Allied troops landed on the French Mediterranean coast of France near Cannes on August 15  and began to fight their way north. Throughout the Occupied Zone, French Resistance fighters reclaimed towns and villages.
Even before Allied Forces marched into Paris, Limoges was liberated. The conviction that one day I would be reunited with my three daughters had sustained me during my worst times in France. Now I wanted my children back.
I had assumed Sal and I had only to make the request, and Lea would be returned to us within a day or two. Or if she were not brought to us, we would be told where to go to pick up our daughter. It was not so simple.
Working the night shift on the railroad freed Sal during the day, and he spent all his time trying to locate our daughter. Following a lead from the rabbi, Sal visited a member of the Resistance Movement in the city. The man referred him to someone else. Day after day, he was passed from one man to another, always with the frustrating words, "It takes time; you must be patient."
I passed the days waiting anxiously. Why was it so difficult? How many convents were there in Haute Vienne? What was wrong? It went that way for more than a month. And then, thank G'd, they found her. A letter came instructing Sal to be at the Limoges railroad station in two days to meet Lea.
I waited at the farm. Long before they were due, I was standing on the veranda. I looked past the approach to the estate toward the avenue. The road that had been blocked with trees felled by the Maquis was cleared now. The remaining trees, so tall and full, hid the destruction. The avenue looked as majestic as ever.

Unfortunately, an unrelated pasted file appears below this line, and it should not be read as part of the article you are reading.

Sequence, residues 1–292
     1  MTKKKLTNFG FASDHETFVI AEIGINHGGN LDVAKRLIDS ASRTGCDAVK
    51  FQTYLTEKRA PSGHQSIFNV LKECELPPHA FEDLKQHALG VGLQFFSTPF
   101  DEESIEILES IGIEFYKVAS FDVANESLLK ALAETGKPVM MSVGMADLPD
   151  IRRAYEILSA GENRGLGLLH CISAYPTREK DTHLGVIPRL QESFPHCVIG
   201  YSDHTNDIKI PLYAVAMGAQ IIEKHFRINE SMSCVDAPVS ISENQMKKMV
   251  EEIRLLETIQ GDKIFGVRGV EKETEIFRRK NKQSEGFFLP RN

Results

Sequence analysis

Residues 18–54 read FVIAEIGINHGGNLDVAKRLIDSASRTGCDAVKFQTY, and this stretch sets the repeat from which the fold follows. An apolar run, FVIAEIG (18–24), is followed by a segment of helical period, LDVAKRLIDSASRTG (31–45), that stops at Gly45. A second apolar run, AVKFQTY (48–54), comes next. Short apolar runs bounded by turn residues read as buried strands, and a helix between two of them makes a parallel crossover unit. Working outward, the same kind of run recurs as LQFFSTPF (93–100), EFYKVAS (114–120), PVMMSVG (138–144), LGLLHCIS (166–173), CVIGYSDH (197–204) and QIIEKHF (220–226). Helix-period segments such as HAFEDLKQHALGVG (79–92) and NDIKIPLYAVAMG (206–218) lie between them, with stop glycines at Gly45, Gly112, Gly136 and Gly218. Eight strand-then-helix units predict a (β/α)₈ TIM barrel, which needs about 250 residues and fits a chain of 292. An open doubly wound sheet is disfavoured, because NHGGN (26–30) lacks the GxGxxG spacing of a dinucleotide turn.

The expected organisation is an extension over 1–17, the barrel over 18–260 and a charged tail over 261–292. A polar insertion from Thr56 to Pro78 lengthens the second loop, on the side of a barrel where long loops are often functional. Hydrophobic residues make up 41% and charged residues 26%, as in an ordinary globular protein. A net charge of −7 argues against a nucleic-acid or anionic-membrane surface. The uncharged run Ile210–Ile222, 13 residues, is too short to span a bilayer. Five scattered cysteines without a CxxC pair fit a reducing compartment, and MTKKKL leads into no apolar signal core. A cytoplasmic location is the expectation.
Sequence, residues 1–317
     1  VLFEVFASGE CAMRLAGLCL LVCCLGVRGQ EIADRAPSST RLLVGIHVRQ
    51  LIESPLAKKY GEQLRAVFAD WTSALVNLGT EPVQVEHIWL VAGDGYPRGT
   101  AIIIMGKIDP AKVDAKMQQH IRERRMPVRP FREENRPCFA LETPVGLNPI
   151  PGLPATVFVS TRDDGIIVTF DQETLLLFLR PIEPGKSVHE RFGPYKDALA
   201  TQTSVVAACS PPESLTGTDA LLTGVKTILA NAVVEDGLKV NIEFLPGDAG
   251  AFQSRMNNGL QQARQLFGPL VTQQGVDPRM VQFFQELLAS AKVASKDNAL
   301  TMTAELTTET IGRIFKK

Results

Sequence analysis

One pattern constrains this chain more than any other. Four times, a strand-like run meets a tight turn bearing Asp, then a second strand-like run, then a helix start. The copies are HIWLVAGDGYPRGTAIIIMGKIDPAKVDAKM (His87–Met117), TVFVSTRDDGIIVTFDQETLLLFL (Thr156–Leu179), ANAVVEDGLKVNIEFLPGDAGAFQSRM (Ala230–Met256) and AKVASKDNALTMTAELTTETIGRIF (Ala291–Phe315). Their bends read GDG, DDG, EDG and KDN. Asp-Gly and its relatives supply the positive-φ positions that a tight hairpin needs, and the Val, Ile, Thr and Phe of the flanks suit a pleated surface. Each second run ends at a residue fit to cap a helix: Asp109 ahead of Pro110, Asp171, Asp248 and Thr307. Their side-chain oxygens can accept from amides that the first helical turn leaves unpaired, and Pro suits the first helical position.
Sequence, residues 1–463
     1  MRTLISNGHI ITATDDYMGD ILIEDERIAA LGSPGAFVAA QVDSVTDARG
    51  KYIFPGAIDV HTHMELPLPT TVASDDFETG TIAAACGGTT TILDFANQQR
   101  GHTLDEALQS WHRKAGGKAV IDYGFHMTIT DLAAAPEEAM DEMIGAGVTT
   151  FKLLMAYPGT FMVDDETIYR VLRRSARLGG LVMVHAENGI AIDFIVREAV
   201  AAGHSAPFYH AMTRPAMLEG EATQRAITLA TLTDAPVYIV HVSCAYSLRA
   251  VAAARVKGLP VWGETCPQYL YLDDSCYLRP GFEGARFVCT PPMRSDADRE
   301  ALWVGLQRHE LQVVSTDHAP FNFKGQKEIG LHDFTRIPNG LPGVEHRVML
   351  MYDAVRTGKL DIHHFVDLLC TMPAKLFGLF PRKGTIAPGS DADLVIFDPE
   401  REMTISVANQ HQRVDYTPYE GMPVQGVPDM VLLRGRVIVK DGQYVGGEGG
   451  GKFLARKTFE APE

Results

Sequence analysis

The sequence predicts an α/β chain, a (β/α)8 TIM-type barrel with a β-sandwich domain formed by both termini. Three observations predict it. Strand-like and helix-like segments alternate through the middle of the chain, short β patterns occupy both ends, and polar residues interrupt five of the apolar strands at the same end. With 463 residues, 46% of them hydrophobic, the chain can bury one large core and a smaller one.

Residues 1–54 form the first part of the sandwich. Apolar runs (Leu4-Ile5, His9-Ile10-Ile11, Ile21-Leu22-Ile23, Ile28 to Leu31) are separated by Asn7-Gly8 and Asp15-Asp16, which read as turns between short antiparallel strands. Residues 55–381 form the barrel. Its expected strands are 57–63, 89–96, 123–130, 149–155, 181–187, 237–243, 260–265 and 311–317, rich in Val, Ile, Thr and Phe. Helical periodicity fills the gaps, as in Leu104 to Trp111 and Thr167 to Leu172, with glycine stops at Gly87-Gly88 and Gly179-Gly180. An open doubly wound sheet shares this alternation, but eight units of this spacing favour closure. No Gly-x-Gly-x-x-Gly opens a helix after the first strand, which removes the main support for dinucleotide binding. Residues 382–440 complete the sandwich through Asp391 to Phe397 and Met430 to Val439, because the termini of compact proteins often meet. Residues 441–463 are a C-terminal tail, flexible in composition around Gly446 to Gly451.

I spotted Lea and Sal, two small figures in the distance. I moved down the steps and quickened my pace as they came nearer. The child broke away, and we ran toward each other. Then I was holding my daughter in my arms, hugging, kissing and stroking her, unable to form any words but murmuring joyful sounds, Lea happily squealing, "Mama, Mama."
Sal caught up with us, and we walked to the house, Lea between us, holding each of us by the hand. "Is that your house?" she asked. "It's very big."
"It is not mine, but you will stay here with me," I said. "This is where I work."
"It looks like a nice house," she said.
I noticed Lea was limping. "What happened to your leg, sweetheart?" I asked.
"It's not my leg. It's my foot," Lea answered.